Each beneficiary received a bunch of straws worth Gh¢100

Some development watchers have warned thousands of people engaged in the straw industry in Ghana’s north could lose their jobs if nothing is done now to protect the industry’s basic raw material— the straw— from a looming disappearance.

The treasured grass, according to the observers, is going to disappear because its main source in the country’s southern area is not protecting it as a commercial priority. And when that happens, countless widows, who are trying to sustain their families on a livelihood derived from weaving of baskets and hats, would be the worst hit in the Upper East region, they say.

“It’s a huge industry, a big industry, feeding a lot of mouths in Upper East. Most of the women are into weaving of baskets and hats. Most of these women are underprivileged widows. The future of the industry is not too good for me because we don’t grow these straws here. They are being transported from Brong Ahafo. Those over there (Brong Ahafo) are not into the industry. They don’t weave basket. They only use them (the straws) to [mark] boundaries.

“This particular material is not being protected because those that are growing it are not using it. We use it here. If they destroy it one day or decide to use it for any other purpose, how is the industry going to survive? I’m looking at the sustainability of the industry,” said Dennis Anaba, Head of Anongtaaba Ghana, an organisation into rural development and headquartered in the Upper East region.

Organisation Proposes Way to Save the Industry from Shutdown

To save the industry from the ‘foreseeable’ demise in the Upper East region, Mr. Anaba suggested the region should be in control of the raw material— the straw. And one way to do that, he pointed out, is to grow it itself.

“We at Anongtaaba Ghana are trying to solicit funding from a donor agency to see how best we can conduct feasibility studies up north here to see how suitable it is to grow this raw material to be assured of the sustainability of this industry. Take note, if the material is no more available, there is going to be a serious crisis in the north here, particularly in the Upper East region, because most of these women depend on this industry. The poverty level is going to increase seriously.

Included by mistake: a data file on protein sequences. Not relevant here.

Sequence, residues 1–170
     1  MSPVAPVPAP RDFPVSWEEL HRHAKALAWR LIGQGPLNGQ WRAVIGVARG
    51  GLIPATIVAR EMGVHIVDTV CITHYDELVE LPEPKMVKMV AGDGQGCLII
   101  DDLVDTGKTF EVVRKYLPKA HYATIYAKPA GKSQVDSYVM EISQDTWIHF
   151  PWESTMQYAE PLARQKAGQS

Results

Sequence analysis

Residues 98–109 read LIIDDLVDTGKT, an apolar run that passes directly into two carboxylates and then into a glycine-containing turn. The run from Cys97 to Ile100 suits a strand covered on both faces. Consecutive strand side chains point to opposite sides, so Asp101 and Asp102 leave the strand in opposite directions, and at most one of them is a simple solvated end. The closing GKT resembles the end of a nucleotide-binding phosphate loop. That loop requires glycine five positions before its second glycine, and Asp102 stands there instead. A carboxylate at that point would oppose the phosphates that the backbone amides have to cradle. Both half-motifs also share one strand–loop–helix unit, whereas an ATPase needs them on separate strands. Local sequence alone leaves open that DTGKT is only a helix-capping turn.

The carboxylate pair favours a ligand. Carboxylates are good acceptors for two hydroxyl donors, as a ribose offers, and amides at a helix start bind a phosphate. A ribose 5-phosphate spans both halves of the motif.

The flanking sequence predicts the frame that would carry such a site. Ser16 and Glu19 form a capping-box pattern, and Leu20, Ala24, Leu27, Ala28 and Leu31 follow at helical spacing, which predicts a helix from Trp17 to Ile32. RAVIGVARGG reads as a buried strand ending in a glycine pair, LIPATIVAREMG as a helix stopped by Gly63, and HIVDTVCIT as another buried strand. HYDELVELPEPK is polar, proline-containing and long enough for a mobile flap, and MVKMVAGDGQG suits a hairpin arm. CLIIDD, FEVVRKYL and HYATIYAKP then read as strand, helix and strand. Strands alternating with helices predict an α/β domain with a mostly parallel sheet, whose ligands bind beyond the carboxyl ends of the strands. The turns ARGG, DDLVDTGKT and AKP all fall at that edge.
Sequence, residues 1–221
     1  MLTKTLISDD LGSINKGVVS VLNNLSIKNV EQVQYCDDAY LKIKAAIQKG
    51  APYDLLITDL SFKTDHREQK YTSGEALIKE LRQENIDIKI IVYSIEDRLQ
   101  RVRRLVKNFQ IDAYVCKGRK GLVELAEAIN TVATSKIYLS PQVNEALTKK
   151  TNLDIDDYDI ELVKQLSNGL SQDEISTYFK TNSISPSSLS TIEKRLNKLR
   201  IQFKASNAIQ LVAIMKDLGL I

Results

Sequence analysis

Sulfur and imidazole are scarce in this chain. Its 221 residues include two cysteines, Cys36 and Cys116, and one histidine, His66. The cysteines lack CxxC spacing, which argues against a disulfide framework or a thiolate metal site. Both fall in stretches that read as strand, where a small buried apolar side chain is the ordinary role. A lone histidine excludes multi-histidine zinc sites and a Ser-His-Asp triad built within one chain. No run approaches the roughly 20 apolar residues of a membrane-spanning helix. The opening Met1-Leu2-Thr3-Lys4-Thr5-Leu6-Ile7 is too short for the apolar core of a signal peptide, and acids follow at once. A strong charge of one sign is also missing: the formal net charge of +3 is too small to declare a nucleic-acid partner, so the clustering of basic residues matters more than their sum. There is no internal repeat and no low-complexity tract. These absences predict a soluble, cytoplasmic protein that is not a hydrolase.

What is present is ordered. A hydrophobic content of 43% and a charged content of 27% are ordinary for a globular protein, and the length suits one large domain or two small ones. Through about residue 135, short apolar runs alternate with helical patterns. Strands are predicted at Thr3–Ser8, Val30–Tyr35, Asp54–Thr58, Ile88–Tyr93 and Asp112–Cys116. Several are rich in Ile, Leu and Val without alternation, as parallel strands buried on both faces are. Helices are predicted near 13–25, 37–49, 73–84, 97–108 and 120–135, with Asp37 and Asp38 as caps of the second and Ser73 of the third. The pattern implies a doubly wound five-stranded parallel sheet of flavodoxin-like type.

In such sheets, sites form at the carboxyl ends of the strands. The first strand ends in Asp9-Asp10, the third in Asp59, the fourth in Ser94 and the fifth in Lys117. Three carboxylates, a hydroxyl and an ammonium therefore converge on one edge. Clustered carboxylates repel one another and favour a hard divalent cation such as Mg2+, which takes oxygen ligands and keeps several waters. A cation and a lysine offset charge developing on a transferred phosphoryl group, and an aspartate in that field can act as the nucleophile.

“We are trying to put in a proposal to get funding to conduct feasibility studies so that at the end of the day, when we are able to grow them up here, one, it would guarantee the sustainability of the industry. Number two, it’s going to reduce cost because it’s going to be grown up here and by ourselves and the cost of transporting them from the southern sector to the north would reduce. The industry is going to be protected because the raw material is going to be under our control once we are growing it here,” Mr. Anaba stated.

505 Poor Weavers Get Straws Worth Gh¢100 Each

In October, this year, Anongtaaba Ghana identified some 505 poor weavers in the region, made up of 420 women and 85 men, and supported each of them with a bunch of straws worth Gh¢100 to keep them in the business.

“Anongtaaba Ghana is very young, not financially robust. The money used in acquiring the straws for the weavers is our own contribution and the little donation we had from other stakeholders to support them. The beneficiaries are supposed to pay back the money without any interest to enable us support another batch of needy weavers,” the Executive Director of the organisation, Nuhu Salifu, told Starr News.

The organisation, with technical support from the Business Sector Advocacy Challenge (BUSAC) Fund, trains local industries in the north how to manage time effectively, teaches them ways to produce efficiently and shows them how to penetrate both local and international markets. And in a bid to create more employment opportunities and to boost food security and reduce malnutrition in the north, it has drawn up plans to assist needy farmers to access tractor services for all-year-round farming and to acquire their own tractors with the costs of the machines paid in instalments.

“We thank Anongtaaba Ghana for coming to our aid. How to get straws to weave a basket was a problem. Now, they have acquired some straws for us. Even the mode of payment is almost like the offer is free. We are happy about the support. We are happy about the mode of payment,” said Jerry Apasiya, one of the beneficiaries.

Atarifila Akaribo, the leader of a basket-weavers’ group at Sumbrungu, a western suburb of the regional capital, Bolgatanga, thanked the organisation similarly, saying: “It was difficult to cater for our children as we were not getting the straws easily. We have some straws now. We can weave and pay their school fees.”

Source: Ghana/Starrfmonline.com/103.5FM/Edward Adeti